February 15, 2019 | 11:16
Nvidia has issued its final quarterly report for its 2019 financial year, and despite dropping its revenue by 24 percent year-on-year the company has boasted 21 percent full-year growth - and investors seem impressed.
Nvidia warned investors that its fourth quarter of its 2019 financial year wasn't exactly shaping up to be a barnstormer late last month, admitting that it was going to be around $500 million short of its original revenue projection owing to what founder and chief executive Jensen Huang called 'an extraordinary, unusually turbulent, and disappointing quarter' headlined by graphics card oversupply, problematical macroeconomic conditions in China, and lower-than-expected sales of the company's latest-generation Turing products.
Now, the company has confirmed its performance for the quarter, and as predicted it's tough reading: Nvidia's revenue, while an undeniably healthy $2.205 billion, was down 24 percent compared to the same quarter the year prior, and 31 percent sequentially. That had a knock-on effect elsewhere: Nvidia's gross margin dropped 720 basis points from 61.9 percent in the same period last year to 54.7 percent now, while its operating expenses jumped 25 percent. All in all, Nvidia's operating income for the quarter was down a whopping 73 percent compared to the same quarter last year - which Huang has understated as 'a turbulent close to what had been a great year', blaming 'the combination of post-crypto excess channel inventory and recent deteriorating end-market conditions'. Nvidia's Colette Kress also confirmed $128 million in inventory writedowns for the quarter on top of a 45 percent year-on-year revenue decline from the company's gaming division.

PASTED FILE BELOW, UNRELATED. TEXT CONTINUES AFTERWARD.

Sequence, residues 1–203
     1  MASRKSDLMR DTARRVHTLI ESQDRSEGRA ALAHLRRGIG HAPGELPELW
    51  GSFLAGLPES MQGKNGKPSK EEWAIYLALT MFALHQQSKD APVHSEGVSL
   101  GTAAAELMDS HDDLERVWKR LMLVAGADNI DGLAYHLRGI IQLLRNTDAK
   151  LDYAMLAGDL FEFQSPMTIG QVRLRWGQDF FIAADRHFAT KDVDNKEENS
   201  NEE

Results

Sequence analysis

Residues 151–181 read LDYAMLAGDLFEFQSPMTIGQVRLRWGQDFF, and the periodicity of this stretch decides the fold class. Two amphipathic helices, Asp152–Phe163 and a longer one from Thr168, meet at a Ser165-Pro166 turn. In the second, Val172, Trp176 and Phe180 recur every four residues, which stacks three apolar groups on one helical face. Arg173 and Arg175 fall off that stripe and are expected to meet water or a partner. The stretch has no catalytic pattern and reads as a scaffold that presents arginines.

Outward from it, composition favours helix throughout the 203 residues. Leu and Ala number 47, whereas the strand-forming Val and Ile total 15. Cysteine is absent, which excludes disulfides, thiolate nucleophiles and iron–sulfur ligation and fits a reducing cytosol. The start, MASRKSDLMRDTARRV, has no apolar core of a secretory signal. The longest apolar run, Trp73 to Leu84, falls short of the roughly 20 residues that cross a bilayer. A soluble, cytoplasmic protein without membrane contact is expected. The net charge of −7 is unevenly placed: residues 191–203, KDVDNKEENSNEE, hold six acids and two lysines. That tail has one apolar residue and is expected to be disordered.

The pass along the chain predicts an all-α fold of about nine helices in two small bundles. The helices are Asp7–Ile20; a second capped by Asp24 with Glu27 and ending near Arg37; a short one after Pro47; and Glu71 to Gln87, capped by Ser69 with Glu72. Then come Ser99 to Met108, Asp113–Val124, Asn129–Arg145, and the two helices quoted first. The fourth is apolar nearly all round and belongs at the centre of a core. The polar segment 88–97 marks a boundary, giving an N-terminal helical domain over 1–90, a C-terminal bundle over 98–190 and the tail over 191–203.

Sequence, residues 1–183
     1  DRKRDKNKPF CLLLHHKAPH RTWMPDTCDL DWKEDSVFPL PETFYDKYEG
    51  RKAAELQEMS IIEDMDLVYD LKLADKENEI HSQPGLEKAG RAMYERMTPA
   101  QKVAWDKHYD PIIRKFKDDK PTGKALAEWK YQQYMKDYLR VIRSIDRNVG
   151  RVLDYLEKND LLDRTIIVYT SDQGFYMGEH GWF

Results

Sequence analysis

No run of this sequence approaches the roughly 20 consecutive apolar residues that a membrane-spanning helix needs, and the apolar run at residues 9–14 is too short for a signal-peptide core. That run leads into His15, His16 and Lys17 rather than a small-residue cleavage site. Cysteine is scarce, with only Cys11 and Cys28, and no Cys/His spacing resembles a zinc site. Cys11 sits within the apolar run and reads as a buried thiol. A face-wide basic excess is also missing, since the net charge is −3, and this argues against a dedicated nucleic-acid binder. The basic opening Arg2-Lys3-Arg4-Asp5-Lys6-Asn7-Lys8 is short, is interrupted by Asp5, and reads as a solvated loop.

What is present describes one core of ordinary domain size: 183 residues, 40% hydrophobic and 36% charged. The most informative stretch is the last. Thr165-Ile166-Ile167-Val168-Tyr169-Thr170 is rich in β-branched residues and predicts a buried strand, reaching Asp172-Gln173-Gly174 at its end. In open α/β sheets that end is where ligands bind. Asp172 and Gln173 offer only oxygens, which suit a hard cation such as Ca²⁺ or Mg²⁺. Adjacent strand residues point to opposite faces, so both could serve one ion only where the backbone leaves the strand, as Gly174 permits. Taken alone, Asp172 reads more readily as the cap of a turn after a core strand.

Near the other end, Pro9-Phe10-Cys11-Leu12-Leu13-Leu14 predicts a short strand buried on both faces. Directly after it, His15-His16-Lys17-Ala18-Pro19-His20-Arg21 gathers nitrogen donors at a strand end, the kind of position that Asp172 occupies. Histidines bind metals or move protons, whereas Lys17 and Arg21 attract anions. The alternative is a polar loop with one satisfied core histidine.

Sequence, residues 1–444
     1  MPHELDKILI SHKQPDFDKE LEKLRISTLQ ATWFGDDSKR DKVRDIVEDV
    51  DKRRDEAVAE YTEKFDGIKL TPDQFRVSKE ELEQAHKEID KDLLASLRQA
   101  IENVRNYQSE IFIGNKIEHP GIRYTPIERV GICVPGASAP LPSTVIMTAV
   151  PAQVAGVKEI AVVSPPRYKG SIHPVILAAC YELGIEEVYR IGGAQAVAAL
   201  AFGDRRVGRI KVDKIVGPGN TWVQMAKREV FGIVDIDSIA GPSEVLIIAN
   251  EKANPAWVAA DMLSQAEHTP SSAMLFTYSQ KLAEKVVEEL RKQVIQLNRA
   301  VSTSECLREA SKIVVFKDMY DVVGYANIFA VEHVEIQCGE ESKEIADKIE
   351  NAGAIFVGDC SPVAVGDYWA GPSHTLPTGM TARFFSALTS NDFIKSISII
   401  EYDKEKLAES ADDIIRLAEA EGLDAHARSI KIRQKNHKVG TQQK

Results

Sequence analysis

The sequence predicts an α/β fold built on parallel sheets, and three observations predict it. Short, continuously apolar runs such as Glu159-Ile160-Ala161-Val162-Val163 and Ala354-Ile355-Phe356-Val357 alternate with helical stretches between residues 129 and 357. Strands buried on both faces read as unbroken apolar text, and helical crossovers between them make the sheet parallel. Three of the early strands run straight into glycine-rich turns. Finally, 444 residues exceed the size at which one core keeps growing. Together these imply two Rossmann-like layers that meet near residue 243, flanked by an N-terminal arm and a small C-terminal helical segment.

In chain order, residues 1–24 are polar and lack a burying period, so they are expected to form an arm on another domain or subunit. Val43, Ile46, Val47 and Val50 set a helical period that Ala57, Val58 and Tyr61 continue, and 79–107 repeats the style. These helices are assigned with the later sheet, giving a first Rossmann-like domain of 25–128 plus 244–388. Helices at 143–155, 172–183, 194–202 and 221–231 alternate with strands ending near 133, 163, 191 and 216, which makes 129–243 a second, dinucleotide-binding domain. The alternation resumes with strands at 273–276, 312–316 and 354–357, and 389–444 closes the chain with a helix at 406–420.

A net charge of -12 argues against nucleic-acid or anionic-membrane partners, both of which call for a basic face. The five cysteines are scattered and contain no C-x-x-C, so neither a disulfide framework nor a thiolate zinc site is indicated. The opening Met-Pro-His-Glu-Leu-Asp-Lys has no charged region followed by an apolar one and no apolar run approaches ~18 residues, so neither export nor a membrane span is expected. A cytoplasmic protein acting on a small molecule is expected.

'Three factors contributed to the Q4 gaming revenue decline,' Kress told investors and media during the company's earnings call late last night. 'First, post-crypto inventory of GPUs in the channel caused us to reduce shipments in order to allow excess channel inventory to sell through. We expect channel inventory to normalise in Q1 in line with one- to two-quarter timeline we had outlined on our previous earnings call. Second, deteriorating macroeconomic conditions, particularly in China, impacted consumer demand for our GPUs. Third, sales of certain high end GPUs using our new Turing architecture, including the GeForce RTX 2080 and 2070, were lower than we expected for the launch of a new architecture. These products deliver a revolutionary leap in performance and innovation with real time ray-tracing and AI, but some customers may have delayed their purchase while waiting for lower price points or further demonstrations of the RTX technology and actual gains. The significant volatility in our gaming business over the last few quarters has been challenging to model.'
For the year as a whole, though, Nvidia's figures look considerably better: Despite a woeful final quarter, the company ended its 2019 financial year on $11.716 billion revenue for a 21 percent growth compared to 2018. Its gross margin went up 150 basis points from 60.2 percent to 61.7 percent, and while its operating expenses rose 27 percent so too did its income for a full-year net income growth of 34 percent.
It's news that has been welcomed by investors. After its January earnings warning saw its share price crash more than 14 percent, last night's earnings call has seen a 5.25 percent spike in post-market trading - on top of a 1.08 percent gain made prior to the announcement - helping the company to continue its approach to regaining its January high.
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